MATE Productions is known for its large community ensemble pieces, usually staged in the summer before heading up to the Edinburgh Fringe; this year, it was the specially-commissioned Grace and the Sea.
But the Halewood-based company has upped its game considerably in 2014, with new projects in the pipeline that included this successful sell-out run of Jim Cartwright’s modern classic two-hander Two. Turning the Pilgrim pub’s function room into a studio theatre was an ideal choice for a play also set in a pub (this could be one of the year’s trends, after Cathy Crabb’s The Bubbler was performed there back in May).
Rachael Reason and Jake Ryan played the landlady and landlord of your typical British boozer; and, as it transpired, their entire clientele. The clever stage direction makes for a revolving door of weird and wonderful characters – the medallion man with the roving eye; the old lady whose nightly half of stout is the only escape from caring for her housebound husband; the crisp-munching oddballs in the matching bobble hats; the gregarious local whose jolly demeanour hides an insecure domestic abuser.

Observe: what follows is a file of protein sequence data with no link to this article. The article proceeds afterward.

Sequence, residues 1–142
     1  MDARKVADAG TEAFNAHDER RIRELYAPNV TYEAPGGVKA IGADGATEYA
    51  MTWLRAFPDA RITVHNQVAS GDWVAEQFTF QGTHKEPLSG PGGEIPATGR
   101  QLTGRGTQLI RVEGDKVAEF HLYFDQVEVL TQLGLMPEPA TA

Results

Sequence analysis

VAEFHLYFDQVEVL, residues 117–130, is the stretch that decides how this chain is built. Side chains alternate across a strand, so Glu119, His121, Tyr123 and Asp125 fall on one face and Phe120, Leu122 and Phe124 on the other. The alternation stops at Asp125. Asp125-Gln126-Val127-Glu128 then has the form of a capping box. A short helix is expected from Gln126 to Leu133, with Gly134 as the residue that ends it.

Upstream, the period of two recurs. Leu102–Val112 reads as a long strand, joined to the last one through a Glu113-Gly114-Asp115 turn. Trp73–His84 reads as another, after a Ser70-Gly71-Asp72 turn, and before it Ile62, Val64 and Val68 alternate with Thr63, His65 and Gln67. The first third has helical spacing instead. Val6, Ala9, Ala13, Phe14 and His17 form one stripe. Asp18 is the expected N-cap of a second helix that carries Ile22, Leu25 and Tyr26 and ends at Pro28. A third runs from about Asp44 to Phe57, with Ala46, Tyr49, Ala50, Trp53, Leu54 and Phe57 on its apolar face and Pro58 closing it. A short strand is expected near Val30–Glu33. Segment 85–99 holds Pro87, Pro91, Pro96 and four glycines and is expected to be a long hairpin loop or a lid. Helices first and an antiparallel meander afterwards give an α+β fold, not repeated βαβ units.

Two is set in the eighties and MATE keep it there with some nice details, from the comedy wigs to camouflage jackets, the period soundtrack and the little boy left outside with crisps and pop. In those respects, the play shows its age and is a bit of a nostalgia trip. The performers navigate their multiple roles with confidence, and in the confines of the performance space get to break the fourth wall and interact with the front row.
It’s all good fun – or so it might appear. In between the comic customers, over the course of the night the relationship behind the bar is coming to a head, until a final act that turns the whole piece on a dime. Reason and Ryan wring every last drop from the drama and leave barely a dry eye in the house.
Like a good soap, Cartwright’s writing is accessible and spans the emotions, turning the everyday into theatre that really strikes a chord. MATE Studio is a new semi-professional way of working for the company, and its debut production already shows the future is bright.